Nor is it possible to deny that, since his rise to power, Morales has achieved a better situation for the lower classes, developed the economy and created better opportunities and conditions in general for his people, while the most notable is having restored the rights of indigenous citizens, forgotten and out of favor for centuries.

So far, President Morales would have made history as the best chief of the national tribe, and I write this with respect. But that commitment to work for the development of the country still isn’t enough for Evo Morales, nor is it for those other leftist leaders on the continent, those that I call “mafia,” in which I include Venezuela, Cuba, Nicaragua, Ecuador, Brazil, Argentina, Bolivia and, to a lesser extent, because of their more independent paths from the dictates of Cuba, Uruguay and some small Caribbean islands.

Continuing in the fashion of popular dictators, Morales manipulated the law to gain indefinite re-election and eternalize his power. In doing so, he betrayed himself, but he did the greatest damage to his nation, sticking a dagger in the back of democracy, since it ensures for him, and for those who can replace him when he decides to leave power, the opportunity to maintain a dictatorship with support from the Parliament.            

Evo Morales, who had the responsibility of ensuring those democratic terms, violated the meaning of his own name — morals — by defiling and hijacking democracy. But, as luck would have it, a light is possibly dawning in the person of Soledad Chapetón Tancara, a young Aymaran woman and educator, who has become mayor of El Alto, Bolivia’s second most important city.

To play at being a dictator is a slow process of degradation, as one falls into the abyss and tries to grab onto some branches. But in the end it is still a fall. When surveys and advisers suggested to Evo Morales the possibility that the Bolivian Socialist Movement (MAS) might lose some of the country’s most important towns, he threatened to “withdraw financial support” from those municipalities. And that was just the beginning of his descent.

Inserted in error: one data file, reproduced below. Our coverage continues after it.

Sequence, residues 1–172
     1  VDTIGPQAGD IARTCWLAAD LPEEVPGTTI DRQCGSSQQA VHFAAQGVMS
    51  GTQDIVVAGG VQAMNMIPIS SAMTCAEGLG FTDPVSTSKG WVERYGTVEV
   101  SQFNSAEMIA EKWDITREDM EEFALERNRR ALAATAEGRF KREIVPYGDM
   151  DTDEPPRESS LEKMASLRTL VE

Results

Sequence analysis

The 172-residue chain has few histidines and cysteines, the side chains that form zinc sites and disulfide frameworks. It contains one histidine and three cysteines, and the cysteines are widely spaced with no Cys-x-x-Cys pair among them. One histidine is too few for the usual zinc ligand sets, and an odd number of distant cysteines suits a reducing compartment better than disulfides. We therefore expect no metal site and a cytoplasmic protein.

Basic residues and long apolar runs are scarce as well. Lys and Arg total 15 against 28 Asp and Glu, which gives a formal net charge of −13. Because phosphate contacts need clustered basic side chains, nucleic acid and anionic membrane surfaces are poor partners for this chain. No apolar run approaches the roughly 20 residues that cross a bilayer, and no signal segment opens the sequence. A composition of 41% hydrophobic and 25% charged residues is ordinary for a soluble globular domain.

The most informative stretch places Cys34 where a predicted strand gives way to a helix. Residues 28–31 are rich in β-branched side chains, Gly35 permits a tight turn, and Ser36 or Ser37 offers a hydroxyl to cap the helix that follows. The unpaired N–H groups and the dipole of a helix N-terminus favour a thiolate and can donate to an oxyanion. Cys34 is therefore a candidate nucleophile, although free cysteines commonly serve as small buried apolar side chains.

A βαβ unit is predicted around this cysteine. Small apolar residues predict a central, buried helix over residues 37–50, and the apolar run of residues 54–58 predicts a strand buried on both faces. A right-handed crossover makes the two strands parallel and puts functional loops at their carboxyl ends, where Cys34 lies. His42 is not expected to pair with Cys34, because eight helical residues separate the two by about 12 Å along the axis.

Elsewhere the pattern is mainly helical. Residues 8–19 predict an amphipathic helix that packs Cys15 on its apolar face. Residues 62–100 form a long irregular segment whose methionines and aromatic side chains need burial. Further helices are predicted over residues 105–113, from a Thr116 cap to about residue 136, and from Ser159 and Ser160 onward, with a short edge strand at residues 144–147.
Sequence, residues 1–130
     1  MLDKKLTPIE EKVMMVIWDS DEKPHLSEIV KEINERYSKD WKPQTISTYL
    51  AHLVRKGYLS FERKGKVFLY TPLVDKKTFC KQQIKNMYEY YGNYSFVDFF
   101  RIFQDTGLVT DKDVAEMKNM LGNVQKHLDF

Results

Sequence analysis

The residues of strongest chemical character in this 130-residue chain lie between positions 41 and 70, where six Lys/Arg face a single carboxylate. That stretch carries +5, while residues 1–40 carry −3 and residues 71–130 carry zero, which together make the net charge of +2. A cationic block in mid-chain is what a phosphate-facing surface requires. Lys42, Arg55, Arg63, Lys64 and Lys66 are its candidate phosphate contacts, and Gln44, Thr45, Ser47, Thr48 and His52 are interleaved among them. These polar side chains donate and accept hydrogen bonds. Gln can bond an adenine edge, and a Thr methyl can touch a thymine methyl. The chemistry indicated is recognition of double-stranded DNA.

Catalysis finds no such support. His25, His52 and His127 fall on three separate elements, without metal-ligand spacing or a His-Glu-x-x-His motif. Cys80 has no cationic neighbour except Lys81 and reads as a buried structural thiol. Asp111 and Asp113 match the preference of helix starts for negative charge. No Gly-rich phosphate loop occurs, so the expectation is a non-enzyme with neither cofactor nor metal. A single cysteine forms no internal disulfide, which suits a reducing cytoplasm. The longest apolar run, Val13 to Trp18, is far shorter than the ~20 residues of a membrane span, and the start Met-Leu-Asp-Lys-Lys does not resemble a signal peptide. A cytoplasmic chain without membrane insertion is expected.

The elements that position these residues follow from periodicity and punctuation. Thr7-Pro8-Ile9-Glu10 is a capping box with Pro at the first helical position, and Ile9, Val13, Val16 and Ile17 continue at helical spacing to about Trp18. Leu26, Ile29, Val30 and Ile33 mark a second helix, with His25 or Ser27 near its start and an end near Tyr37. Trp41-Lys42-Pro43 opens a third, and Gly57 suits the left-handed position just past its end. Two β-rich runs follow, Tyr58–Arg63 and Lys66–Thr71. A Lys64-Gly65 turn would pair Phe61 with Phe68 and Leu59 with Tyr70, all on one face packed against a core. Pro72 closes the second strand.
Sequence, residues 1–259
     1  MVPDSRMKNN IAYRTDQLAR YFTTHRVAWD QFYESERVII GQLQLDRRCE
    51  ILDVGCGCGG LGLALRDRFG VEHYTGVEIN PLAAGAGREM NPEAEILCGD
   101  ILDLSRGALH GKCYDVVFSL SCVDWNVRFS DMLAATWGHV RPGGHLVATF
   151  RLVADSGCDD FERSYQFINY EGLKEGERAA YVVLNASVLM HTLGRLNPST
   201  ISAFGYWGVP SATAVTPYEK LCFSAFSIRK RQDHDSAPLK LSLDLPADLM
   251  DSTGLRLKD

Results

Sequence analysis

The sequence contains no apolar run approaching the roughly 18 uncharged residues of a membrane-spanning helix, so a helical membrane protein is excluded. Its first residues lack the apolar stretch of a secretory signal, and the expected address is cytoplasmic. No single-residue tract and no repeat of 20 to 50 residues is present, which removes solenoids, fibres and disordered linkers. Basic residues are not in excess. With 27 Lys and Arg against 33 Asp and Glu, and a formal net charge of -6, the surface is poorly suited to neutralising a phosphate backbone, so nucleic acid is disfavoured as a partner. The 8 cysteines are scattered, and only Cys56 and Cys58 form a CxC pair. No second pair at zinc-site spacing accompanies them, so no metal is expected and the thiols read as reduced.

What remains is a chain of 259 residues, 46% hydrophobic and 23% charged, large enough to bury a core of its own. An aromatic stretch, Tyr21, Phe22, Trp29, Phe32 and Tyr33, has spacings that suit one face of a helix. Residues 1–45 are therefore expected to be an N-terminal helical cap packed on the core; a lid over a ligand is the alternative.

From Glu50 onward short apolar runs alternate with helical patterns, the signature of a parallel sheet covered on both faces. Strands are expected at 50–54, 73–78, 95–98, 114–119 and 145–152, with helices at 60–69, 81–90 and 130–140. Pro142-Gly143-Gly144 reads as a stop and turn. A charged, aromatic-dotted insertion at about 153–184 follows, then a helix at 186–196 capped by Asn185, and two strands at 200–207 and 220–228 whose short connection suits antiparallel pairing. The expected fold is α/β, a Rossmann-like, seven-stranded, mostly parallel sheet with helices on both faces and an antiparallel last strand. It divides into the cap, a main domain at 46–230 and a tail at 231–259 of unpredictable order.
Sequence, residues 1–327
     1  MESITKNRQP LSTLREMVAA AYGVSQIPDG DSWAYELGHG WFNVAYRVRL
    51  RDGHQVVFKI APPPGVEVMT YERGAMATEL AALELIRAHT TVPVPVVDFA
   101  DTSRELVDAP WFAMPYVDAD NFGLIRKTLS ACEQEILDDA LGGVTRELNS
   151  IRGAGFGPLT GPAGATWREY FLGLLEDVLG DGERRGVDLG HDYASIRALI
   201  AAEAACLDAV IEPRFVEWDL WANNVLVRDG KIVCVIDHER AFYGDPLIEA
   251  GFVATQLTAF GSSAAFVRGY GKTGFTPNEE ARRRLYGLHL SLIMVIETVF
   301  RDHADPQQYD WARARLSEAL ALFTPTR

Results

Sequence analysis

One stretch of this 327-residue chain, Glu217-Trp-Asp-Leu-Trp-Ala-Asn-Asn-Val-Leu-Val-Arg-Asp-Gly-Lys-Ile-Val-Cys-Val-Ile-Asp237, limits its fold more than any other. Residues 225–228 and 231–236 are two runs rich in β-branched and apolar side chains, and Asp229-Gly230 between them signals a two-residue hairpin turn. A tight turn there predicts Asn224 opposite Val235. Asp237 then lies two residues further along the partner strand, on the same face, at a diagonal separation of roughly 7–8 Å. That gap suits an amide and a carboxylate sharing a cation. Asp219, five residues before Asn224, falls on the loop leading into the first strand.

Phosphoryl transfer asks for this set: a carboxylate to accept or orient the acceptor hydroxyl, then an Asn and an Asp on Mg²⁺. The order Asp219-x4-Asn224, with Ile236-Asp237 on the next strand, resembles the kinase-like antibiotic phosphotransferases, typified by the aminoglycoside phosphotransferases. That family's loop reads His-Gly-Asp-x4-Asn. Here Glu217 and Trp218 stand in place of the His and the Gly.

It’s undeniable that he opened doors for himself and others with absolutist intentions, and therein lies the danger: he committed the stupidity of letting go of a child’s hand in the roadGenerally, this stupidity ends with a lot of suffering and blood. Morales’ mistake will erase whatever was best of the noblest and altruistic actions he took in his mandate as the first president in favor of his people, who have already begun to withdraw their confidence. It shows, once again, that overcoming a decade in power entails a wear and tear of image, which usually ends, inevitably, in the general ill will of one’s own citizens.         

Losing the municipality of El Alto is the first notice. Now it’s the turn of the mayor, Soledad Chapeton Tancara, who shows she knows what she wants and where she wants to lead her people, who are grateful to her.

Evo Morales is trying to show that what occurred isn’t very important and that everything is going well. Hopefully he will rise above his partisan pains and cooperate with the young Aymara, who asks for “less ideology and more transparency” and offers new proposals for the development of her nation.

Let’s remember that the vote against Morales was partly due to corruption of the authorities in those municipalities, resulting from the lack of control of the president in his obstinate commitment to manufacture a war against the United States.

Soledad Chapeton will remain as mayor of El Alto until 2021, and later, according to how her management goes, will be a possible candidate for the National Unity party together with its leader, the businessman Samuel Doria Medina, who will have the challenge of healing that wound in the Constitution of his own country, a wound which leaves open a clear path for autocrats to install themselves and put forth their ideologies as cloaks for their appetites and personal ambitions. Of course, before healing the wound the knife needs to be removed.     

When Evo Morales finished recounting his stories of abuse in one of the arranged rooms during the Panama Summit, the journalists started questioning him, showing impatience, since in those few words the Bolivian president had never touched on those delicate subjects that bother him so much.

He found himself in front of a group of professionals, among whom were some of those he himself censured in the official spaces, where those who are invited and the questions they can ask are chosen.

When a journalist asked him how it was possible that, with his experience as a victim of abuse from political leaders, he could support Castro’s totalitarian regime, which committed the same outrageous acts that other governments committed against him, Morales threw himself onto a heap of trash, spewing garbage, and tried, shamefully imitating Cantinflas*, to justify himself by saying that when someone badmouths the Cuban people he takes it as a personal attack.